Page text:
Research by the Enquirer found that social housing buildings across the capital have been fitted with similar aluminium cassette rainscreen cladding to that used on the west London tower block which was engulfed in an inferno killing at least 17 people.
The buildings – which range from 11 to 23 storeys – have all been retrofitted by cladding contractor Harley Facades.
There is no suggestion that the contractor failed to fit the systems properly.
But the use of similar aluminium rainscreen cladding raises the prospect that the buildings may be at risk until investigators find whether materials, design or installation issues contributed to the Grenfell tower disaster.
Investigators looking into the Grenfell fire are now probing whether cheaper aluminium panels with a flammable plastic core were used on the building.
The cladding used is believed to have been sourced from US-based Reynobond.
The firm makes three types of panel: one with a flammable polyethylene core and two with more fire-resistant cores sandwiched between two thin aluminium skins.
The polyethylene core, known as PE, is banned from being used in the US on buildings taller 12m for fire safety reasons.
Questions are also being raised about the performance of widely-used expanded polystyrene insulation fitted behind the rainscreening to insulate buildings.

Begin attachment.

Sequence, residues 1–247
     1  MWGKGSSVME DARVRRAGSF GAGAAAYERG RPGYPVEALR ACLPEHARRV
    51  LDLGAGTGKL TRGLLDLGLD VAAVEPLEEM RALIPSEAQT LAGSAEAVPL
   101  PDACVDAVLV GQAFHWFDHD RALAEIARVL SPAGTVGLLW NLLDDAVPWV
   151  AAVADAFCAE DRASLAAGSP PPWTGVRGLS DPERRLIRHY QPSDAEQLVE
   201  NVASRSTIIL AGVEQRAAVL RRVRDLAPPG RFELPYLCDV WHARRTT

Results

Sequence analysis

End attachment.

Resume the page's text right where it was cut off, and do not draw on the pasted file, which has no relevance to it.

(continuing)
Jon O’Neil, managing director of the Fire Protection Association, said that this type of material initially charred in fire tests and then within a short space of time fire got into the expanded polystyrene, shooting up the test panels.
He added that in social housing widely used insulation materials of choice tended to be combustible or of limited combustibility.
O’Neil said:”It’s very rare that I have seen installed in residential accommodation non-combustible insulation material.”
Insulation supplier Celotex yesterday confirmed its product, known as RS5000, was purchased for use in refurbishing the building.
The products has class O fire performance and is specifically designed for use in high-rise rainscreen cladding systems.
The issues raised will be of concern to the Government public enquiry called by Theresa May yesterday.
MPs have also demanded a much faster response to reassure tenants in buildings both in the capital and rest of the country.
Conservative MP Chris Philp said: “There must be an early interim report after a matter of a few weeks.
“If there is any critical failing, for example like the cladding is highly flammable, which people are suggesting, we need to know about that in a matter of weeks.
“If there are other buildings with this cladding, if it is found to be flammable, then we must move people out.”
20 London towers that may be at risk
Castlemain Tower – Wandsworth – 21-storey tower
Chalcot Estate – Camden – five up to 23-storey towers
Clements Court – Hounslow – 13-storey tower
Escale (formerly City Gate House) – Gants Hill – 14-storey
Ferrier Point – Newham – 23-storey tower
Little Venice – Westminster – six 23-storey towers
Premier House – Edgware – 13-storey tower
Wates Tower – Croydon – four 11-storey towers